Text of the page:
Kawasaki Off-Road Motorcycles Recalled

      -->
      Kawasaki is recalling about 4,000 2010 KLX110 off-road motorcycles. A faulty housing for the ignition switch can allow water to enter and activate the electric starter unintentionally. This poses a serious hazard of injury or death.

      This recall involves Kawasaki 2010 model year KLX110CAF and KLX110DAF off-road motorcycles. They were sold in green and have Kawasaki written on the sides of the fuel tank.

      The motorcycles, made in Thailand, were sold by Kawasaki dealers nationwide from August 2009 through February 2010 for about $2,100.

      Consumers should stop using these vehicles immediately and contact a local Kawasaki Motorcycle dealer to schedule an appointment for a free repair. The company has attempted to contact all known users.

      For more information, consumers can contact Kawasaki toll-free at (866) 802-9381 between 8:30 a.m. and 5 p.m. PT Monday through Friday, or visit the firm's website at www.kawasaki.com.

      The recall is being conducted in cooperation with the U.S. Consumer Product Safety Commission (CPSC).

      --> -->

      Kawasaki Off-Road Motorcycles Recalled...

      P&G Expands Dry Pet Food Recall

      Certain Iams, Eukanuba products could be contaminated with salmonella

      Continued concerns over salmonella contamination have prompted an Ohio company to expand its previous recall to include some Iams and Eukanuba dry dog and cat foods.

      The Procter & Gamble company (P&G) said it's taking the action because the pet food has the potential to be contaminated with salmonella, a bacterium that can cause food poisoning.

      The company -- which makes Iams and Eukanuba products -- said it has not received any reports of illnesses linked to the recalled foods.

      The expanded recall includes the following Iams and Eukanuba products:

      Product NameVersion"Best-By" DatesUPC Code
      Iams Veterinary Dry FormulasAll dry sizes and varieties01Jul10 - 01Dec11All UPC Codes
      Eukanuba Naturally WildAll dry sizes and varieties01Jul10 - 01Dec11All UPC Codes
      Eukanuba PureAll dry sizes and varieties01Jul10 - 01Dec11All UPC Codes
      Eukanuba Custom Care Sensitive SkinAll dry sizes 01Jul10 - 01Dec11All UPC Codes

      The company sold the recalled foods in veterinary clinics and specialty pet stores in the United States and Canada.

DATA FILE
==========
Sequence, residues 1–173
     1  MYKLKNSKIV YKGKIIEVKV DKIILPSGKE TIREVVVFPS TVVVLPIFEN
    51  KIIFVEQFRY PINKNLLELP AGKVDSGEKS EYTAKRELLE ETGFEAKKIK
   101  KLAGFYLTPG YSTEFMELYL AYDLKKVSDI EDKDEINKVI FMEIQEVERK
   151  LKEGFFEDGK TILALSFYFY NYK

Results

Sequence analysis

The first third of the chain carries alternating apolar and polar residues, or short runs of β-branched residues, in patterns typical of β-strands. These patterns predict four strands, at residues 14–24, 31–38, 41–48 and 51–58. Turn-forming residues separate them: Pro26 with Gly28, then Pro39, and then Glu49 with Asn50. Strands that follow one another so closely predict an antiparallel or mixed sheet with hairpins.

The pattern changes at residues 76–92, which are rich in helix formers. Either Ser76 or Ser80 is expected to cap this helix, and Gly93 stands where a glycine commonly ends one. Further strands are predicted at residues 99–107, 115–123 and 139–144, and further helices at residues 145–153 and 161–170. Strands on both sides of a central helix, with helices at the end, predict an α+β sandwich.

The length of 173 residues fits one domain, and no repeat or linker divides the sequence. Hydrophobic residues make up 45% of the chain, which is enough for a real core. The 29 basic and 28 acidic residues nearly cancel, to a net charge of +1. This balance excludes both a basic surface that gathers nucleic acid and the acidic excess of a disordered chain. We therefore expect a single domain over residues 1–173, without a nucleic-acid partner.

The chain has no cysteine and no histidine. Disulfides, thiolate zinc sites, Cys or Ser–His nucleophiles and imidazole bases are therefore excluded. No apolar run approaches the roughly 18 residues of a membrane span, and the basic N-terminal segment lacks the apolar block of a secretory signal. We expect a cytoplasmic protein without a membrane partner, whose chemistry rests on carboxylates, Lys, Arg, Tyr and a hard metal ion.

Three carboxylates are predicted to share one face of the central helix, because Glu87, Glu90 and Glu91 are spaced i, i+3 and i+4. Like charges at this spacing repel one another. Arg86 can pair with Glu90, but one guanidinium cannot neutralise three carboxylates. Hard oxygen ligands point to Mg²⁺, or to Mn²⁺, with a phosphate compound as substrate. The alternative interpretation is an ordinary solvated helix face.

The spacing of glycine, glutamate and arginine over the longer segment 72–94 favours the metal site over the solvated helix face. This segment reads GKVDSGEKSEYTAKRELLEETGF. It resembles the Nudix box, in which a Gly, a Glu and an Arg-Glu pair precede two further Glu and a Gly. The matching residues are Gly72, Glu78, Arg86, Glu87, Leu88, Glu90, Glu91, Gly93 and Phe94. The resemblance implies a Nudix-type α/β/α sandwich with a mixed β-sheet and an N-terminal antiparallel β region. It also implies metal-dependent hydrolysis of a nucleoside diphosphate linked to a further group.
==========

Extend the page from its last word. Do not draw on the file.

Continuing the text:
These products are made in a single, specialized facility, the company said in a written statement. In cooperation with FDA, P&G determined that some products made at this facility have the potential for salmonella contamination. As a precautionary measure, P&G is recalling all products made at this facility.

      Pet owners who purchased the recalled foods should immediately discard the products, the company said.

      The Food and Drug Administration (FDA) said pet owners could become infected with salmonella if they handle the recalled foods especially if they dont wash their hands after touching surfaced exposed to the products.

      Symptoms of salmonella infections in healthy people include nausea, vomiting, diarrhea or bloody diarrhea, abdominal cramping and fever, the FDA said. In rare cases, salmonella can cause arterial infections, arthritis, muscle pain, and other serious health problems.

      Pets with salmonella infections may have decreased appetite, fever and abdominal pain, the FDA said. If the infections are not treated, pets can become lethargic and have diarrhea or bloody diarrhea, fever and vomiting.

      The FDA also warned that infected -- but otherwise healthy -- pets can spread salmonella to other animals or people.

      Consumers with dogs or cats that ate the recalled foods should contact their veterinarians if their pets experience any of these symptoms, the FDA said.

      For more information about this expanded recall or a refund pet owners can contact P&G at 877-340-8823.

      Complete list

      UPC CODES FOR P&G PET SPECIALTY PRODUCTS RECALLED ON JULY 30, 2010
      EUKANUBA DOG BG PUREItem UPC
      PURE TURKEY *4 LB0 19014 03191 7
      PURE ADULT MAINTENANCE *4.5 LB0 19014 03958 6
      PURE PUPPY GROWTH *4.5 LB0 19014 03949 4
      PURE ADULT MAINTENANCE *15 LB0 19014 03953 1
      PURE ADULT LARGE BRD *15 LB0 19014 03959 3
      PURE PUPPY GROWTH *15 LB0 19014 03955 5
      PURE TURKEY *15 LB0 19014 03192 4
      PURE ADULT MAINTENANCE *30 LB0 19014 03952 4
      PURE ADULT LARGE BRD *30 LB0 19014 03960 9
      PURE PUPPY GROWTH *30 LB0 19014 09364 7
      PURE TURKEY *30 LB0 19014 03193 1
      EUKANUBA DOG CUSTOM CARE
      CUSTOM CARE - SENSITIVE SKIN5.5 LB0 19014 01935 9
      CUSTOM CARE - SENSITIVE SKIN28 LB0 19014 01936 6
      EUKANUBA DOG DRY NATURALY WILD
      ADULT SALMON & RICE    4 LB0 19014 02780 4
      ADULT TURKEY & MULTIGRAIN4 LB0 19014 02776 7
      ADULT VENISON & POTATO 4 LB0 19014 02783 5
      ADULT SALMON & RICE*9.5 LB0 19014 02894 8
      ADULT TURKEY & MULTIGRAIN*9.5 LB0 19014 02895 5